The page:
Not that the cars are inherently dangerous or unreliable. They’re regularly serviced and thoroughly checked over between hires. However, just as range anxiety is a feature of electric cars, so arrival anxiety is an authentic feature of Revival’s classic ones.

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“We tell people they are hiring a classic car and the risk of breakdown is inevitably higher than with a modern car,” says Garner. “However, we do everything we can to ensure our cars are reliable.”

In the event of a breakdown, an AA patrol will turn up (sadly not in a classic Hillman Imp patrol van or BSA sidecar outfit) and, if it can’t get you back on the road, ferry you back to Revival where they will endeavour to put you in another classic car.

After reliability, another subject customers are keen to discuss is how easy the cars are to drive. Inasmuch as they have a steering wheel and pedals, they’re not that different from a modern car but, even so, Garner offers them a few words of advice.

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“I tell them the most challenging part is their slower response times: slower braking, slower steering and slower performance. It’s all about planning and anticipation so that, if something happens, you’re prepared and have time to react.”

I’m reminded of what he means when I take the wheel of the Morgan for a quick – make that, gentle – spin. Brakes that require a hefty shove of the pedal, a gearlever somewhere under the dash and with a loose action, steering that’s upset by road bumps… It’s all part of the experience, of course, and, if nothing else, makes me appreciate my Mazda MX-5 even more. And yes, in case you’re wondering, insurance is included, covering drivers aged 25 to 75.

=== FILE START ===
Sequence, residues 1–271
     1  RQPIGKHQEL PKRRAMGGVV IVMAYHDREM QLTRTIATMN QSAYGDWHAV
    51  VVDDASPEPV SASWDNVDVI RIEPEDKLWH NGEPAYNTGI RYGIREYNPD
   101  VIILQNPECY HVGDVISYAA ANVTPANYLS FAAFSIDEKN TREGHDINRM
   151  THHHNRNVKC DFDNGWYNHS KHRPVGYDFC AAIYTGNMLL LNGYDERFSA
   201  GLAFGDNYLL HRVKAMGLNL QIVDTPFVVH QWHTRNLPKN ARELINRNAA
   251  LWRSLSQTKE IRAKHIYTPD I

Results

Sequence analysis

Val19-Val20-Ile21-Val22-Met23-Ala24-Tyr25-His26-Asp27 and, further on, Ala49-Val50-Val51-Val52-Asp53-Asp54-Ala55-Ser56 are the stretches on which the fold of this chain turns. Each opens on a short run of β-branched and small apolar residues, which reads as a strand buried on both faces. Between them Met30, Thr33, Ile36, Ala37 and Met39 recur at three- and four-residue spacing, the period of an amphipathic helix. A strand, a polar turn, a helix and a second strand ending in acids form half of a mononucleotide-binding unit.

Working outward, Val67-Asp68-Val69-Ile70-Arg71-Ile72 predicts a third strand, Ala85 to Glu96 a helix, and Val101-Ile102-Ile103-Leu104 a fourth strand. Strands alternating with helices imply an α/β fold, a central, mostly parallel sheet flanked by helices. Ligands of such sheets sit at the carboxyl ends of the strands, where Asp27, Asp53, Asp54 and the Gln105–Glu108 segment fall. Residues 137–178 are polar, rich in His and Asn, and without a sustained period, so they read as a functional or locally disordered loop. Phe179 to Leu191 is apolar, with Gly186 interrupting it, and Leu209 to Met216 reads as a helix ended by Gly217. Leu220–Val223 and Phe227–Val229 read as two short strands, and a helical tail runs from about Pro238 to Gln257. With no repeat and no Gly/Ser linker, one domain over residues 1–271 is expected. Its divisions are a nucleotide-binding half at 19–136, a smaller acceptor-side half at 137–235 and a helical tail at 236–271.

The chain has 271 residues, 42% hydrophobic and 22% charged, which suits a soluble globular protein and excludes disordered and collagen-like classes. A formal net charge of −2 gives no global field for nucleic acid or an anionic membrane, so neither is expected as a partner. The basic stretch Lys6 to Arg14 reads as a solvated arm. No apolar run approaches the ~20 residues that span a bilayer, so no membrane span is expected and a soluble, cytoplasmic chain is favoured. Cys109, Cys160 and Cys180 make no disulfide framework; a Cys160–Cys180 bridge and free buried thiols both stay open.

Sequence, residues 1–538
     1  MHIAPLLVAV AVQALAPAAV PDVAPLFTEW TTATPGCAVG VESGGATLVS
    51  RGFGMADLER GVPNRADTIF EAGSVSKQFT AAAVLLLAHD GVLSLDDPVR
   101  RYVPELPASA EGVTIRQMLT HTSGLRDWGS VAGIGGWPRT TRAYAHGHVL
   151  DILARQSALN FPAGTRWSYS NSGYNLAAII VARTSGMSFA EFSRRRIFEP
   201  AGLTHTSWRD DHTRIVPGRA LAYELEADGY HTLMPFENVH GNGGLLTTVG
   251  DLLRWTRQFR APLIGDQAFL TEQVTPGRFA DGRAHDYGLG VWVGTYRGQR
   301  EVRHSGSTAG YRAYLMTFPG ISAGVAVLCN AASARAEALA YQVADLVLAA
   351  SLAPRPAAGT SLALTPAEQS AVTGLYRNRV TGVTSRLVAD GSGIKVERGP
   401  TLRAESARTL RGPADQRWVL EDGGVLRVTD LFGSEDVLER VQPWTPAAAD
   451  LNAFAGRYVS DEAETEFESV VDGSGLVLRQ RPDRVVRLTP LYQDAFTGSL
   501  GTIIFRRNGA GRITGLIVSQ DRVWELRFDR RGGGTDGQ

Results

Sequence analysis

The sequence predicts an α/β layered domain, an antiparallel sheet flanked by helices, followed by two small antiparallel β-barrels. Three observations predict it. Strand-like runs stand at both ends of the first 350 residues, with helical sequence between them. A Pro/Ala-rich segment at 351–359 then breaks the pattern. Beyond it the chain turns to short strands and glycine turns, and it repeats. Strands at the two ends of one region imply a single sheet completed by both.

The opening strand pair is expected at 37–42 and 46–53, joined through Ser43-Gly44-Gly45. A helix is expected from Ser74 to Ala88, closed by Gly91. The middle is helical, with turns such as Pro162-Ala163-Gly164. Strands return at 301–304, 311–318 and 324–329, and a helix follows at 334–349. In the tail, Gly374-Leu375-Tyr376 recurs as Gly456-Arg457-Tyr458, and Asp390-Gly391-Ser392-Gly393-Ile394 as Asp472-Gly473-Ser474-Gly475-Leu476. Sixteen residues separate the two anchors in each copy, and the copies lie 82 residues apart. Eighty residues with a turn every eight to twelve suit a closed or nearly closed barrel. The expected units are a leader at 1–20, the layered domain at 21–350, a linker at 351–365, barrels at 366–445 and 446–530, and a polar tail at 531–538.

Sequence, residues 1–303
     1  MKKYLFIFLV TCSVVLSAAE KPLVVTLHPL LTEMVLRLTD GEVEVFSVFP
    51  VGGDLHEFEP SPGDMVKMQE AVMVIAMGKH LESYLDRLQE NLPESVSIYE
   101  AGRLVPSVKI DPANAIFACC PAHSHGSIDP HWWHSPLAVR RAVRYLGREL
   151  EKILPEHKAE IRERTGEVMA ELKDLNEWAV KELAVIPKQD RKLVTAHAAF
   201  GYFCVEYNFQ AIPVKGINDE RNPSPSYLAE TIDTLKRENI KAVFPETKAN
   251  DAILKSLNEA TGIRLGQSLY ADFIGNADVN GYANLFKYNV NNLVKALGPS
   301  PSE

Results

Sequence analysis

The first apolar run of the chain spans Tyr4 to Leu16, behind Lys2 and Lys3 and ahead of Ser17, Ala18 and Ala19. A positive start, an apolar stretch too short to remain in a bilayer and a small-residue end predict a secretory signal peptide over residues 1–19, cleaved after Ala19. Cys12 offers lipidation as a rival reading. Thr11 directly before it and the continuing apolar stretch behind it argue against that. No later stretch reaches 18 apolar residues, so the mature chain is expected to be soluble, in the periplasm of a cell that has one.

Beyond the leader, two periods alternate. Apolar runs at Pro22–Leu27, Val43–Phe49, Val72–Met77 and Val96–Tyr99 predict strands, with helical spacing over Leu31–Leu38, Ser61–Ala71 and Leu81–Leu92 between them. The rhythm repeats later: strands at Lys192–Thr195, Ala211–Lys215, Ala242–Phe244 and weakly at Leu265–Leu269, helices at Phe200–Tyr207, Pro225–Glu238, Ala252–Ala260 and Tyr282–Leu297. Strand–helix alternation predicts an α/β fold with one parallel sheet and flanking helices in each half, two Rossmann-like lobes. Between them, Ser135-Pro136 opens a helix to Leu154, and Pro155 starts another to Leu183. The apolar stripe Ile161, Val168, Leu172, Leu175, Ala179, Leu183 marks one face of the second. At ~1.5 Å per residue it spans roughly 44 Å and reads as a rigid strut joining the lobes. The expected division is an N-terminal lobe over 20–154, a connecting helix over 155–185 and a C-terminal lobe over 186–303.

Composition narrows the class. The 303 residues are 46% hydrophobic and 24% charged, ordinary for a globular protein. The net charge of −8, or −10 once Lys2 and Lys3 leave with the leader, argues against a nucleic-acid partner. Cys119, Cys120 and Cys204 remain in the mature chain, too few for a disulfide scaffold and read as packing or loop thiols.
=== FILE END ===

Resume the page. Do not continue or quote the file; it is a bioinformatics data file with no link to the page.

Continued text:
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How much does a Revival hire car cost? A day’s hire from 9.30am to 5pm including insurance, AA breakdown and unlimited mileage costs from £150 to £175 depending on the vehicle, and a long weekend (5.30pm on Friday to 9am on Monday) from £300 to £350. For lovers of classic motoring without the tears, an old Moggy soft-top or Morse Jag from Revival could be just the job.

The RDM trim shop

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Up a flight of stairs in the same building as Revival Cars is the trim shop, also owned by RDM. Rolls of leather, half-completed seats and large cutting tables fill the room. Like other parts of RDM’s business, it’s quietly successful, being supplier to Morgan of its cars’ hoods and interior trims. In fact, the day we visit, trim supervisor Tina Lenaghan is deftly putting the finishing touches to a transmission tunnel, seats and door cards for a 3 Wheeler. Other customers include Jaguar, Land Rover and Aston Martin.

It also produces the interior trim for RDM’s range of low-speed autonomous passenger vehicles, while a recent project was trimming and converting a mini Land Rover Defender EV for Prince George (with a remote control for Dad).

In addition to new vehicles, the trim shop also does restoration work for classic cars belonging to private customers as well as trimming continuation models produced by major car makers. The point is, if it’s torn, ripped or frayed, the trim shop can fix it.


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Real_sluggo 23 November 2019

Rust and toolkits?

Wondering if the hire motors come with nostalgiac tool kits and gloves for the bits you'll certainly have to repair on your mototring sojourn into the Scottish Highlands or the ButterTubs? Or will the motors come with or without the "nostalgiac" rust?? 

Doff your cap Bob!